If you apply for a loan to buy a house, the lender is going to decide whether you are a good or poor credit risk based on your credit report. If the report says that you have a lot of debt, or you don't pay your bills on time, the lender may adjust your interest rate accordingly – or deny you the loan altogether. Thus, a good credit report can be as helpful to the home-buying process as an InterNACHI inspection, so it’s best if you understand how these reports work.
by Nick Gromicko, CMI®
Manufactured homes no longer have to be the simple, rectangular, boxy trailer homes of the past. Depending on the size of your home site, you can choose from single-section or multi-section designs. Homes range in size from 900 to 2,500 square feet and can be customized to meet your needs and preferences.
Here are some important questions to consider when choosing your manufactured home.
What features are available?
The interior design of your home can include many of the custom features available in a conventional home. Because most manufacturers use computer-assisted design, you'll have flexibility in choosing variations of floor plans and décor. You can also choose from a variety of exterior designs, depending on your taste and budget. Exterior siding comes in an array of colors and materials, including metal, vinyl, wood and cementitious sidings, which are virtually fireproof. Awnings, enclosures around the crawlspace, patio covers, decks and steps also are available.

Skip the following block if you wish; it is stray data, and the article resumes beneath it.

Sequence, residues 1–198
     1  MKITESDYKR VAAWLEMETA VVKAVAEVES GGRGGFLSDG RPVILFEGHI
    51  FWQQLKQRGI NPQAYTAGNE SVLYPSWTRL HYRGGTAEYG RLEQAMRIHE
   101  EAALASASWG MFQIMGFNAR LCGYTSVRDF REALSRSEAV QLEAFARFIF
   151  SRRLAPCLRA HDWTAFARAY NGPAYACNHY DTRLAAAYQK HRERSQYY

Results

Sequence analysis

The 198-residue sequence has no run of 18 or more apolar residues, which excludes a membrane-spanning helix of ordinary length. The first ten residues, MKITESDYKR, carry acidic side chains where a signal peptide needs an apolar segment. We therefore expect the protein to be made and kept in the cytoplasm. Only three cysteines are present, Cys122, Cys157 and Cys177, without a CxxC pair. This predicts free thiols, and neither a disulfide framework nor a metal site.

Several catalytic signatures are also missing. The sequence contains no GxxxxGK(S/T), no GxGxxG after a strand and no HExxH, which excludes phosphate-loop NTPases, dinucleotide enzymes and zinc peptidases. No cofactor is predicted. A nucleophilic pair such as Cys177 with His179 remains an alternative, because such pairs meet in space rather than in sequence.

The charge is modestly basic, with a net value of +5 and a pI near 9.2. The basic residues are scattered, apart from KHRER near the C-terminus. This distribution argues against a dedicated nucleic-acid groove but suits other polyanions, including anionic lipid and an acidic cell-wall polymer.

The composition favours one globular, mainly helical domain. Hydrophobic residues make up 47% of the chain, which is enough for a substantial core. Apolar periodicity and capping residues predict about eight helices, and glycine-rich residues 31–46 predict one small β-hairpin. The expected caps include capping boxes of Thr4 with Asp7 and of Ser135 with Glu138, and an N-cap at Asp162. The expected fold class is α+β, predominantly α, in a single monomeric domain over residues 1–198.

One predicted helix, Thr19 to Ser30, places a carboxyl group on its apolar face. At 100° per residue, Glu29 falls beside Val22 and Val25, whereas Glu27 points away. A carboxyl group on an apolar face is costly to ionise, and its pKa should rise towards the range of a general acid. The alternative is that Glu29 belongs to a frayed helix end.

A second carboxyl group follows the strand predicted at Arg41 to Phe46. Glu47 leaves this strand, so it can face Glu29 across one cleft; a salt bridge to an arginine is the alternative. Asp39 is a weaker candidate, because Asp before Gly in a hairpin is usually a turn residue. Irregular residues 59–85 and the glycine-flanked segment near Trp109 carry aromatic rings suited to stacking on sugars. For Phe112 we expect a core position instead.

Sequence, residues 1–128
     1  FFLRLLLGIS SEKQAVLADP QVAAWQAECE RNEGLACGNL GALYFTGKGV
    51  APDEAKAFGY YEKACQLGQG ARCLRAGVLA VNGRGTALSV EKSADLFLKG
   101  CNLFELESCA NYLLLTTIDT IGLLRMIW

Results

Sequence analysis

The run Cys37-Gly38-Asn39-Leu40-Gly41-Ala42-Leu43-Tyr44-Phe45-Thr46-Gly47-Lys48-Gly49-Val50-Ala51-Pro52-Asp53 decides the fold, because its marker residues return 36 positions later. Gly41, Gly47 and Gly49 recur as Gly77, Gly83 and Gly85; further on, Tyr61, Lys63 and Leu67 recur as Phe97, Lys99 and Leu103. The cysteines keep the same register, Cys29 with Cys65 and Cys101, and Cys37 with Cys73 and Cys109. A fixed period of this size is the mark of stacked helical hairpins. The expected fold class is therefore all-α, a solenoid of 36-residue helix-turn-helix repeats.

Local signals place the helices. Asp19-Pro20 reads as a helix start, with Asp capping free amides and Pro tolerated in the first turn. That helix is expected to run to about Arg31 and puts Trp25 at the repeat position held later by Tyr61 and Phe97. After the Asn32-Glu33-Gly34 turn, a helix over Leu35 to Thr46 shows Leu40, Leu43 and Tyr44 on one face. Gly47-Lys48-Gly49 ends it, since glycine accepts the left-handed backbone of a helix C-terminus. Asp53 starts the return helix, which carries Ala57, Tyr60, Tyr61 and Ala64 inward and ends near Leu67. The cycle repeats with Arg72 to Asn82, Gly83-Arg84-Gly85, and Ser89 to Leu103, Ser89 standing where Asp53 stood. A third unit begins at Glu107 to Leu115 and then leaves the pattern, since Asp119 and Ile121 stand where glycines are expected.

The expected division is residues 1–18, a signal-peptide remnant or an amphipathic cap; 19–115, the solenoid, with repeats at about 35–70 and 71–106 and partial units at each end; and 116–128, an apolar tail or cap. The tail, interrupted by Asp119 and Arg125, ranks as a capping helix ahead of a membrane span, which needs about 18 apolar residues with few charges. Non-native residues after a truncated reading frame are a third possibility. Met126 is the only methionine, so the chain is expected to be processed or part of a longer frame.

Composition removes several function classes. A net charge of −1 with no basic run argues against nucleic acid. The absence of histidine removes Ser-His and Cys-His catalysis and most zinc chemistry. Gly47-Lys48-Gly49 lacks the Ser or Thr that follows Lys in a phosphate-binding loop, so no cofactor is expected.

How much can I expect to pay for a home?
Depending on the size, floor plans and any custom features, a new home can cost anywhere from $15,000 to more than $100,000. This price doesn't include the property on which it sits. Depending on the site, you may be purchasing it, leasing it or renting it.
What financing options are available?
Your retailer usually can provide information about financing. You can also check with lenders in your area. Just as there are choices when you buy a site-built home, there are a variety of financing options when you buy a manufactured home. Down payments and loan terms are similar to conventional loans (5% to 10% of the manufactured home's sales price), and loan terms from 15 to 30 years. Most lenders offer fixed- and variable-rate loans, and most have programs that allow you to "buy the rate down." If you own or plan to purchase the land where you will place your home, traditional mortgage financing can often be arranged.
What other costs can I expect to pay?
While your mortgage payment may be your biggest expense, you'll have other regular and periodic payments which will vary with your circumstances. Regular expenses may include utilities, property taxes, land rental fees, insurance, routine maintenance, and other service fees, such as water and sewer. Today's manufactured homes are built to meet new national energy standards set by HUD. The energy-conserving features found in manufactured homes help reduce monthly energy costs.